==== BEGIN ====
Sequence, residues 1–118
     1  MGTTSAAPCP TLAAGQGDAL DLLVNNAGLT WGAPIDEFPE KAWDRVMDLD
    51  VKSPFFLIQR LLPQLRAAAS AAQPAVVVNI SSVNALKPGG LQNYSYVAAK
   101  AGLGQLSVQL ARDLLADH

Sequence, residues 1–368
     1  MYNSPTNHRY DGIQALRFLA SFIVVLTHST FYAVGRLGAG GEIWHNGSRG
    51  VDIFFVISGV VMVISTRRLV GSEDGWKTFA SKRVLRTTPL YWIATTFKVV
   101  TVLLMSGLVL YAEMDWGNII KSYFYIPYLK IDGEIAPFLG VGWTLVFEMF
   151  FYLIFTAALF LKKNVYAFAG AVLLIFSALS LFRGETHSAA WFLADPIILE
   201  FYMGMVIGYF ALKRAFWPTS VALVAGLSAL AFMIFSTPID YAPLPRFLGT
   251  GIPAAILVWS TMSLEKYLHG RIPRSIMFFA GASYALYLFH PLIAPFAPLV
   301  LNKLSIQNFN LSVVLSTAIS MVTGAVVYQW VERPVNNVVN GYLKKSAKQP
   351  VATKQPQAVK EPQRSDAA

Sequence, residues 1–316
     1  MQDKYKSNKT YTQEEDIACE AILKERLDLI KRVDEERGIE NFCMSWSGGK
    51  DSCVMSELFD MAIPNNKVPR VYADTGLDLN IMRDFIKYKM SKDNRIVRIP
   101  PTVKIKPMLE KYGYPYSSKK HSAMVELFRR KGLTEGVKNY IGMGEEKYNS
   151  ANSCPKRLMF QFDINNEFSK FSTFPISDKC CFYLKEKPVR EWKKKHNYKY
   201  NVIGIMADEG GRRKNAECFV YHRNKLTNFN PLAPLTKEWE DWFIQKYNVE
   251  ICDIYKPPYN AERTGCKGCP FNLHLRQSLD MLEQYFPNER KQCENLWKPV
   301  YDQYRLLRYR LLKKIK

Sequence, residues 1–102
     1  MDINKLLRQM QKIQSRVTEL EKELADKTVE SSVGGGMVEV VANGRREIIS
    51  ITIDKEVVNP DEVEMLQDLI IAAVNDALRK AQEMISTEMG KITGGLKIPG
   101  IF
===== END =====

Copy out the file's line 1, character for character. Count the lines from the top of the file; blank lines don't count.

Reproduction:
Sequence, residues 1–118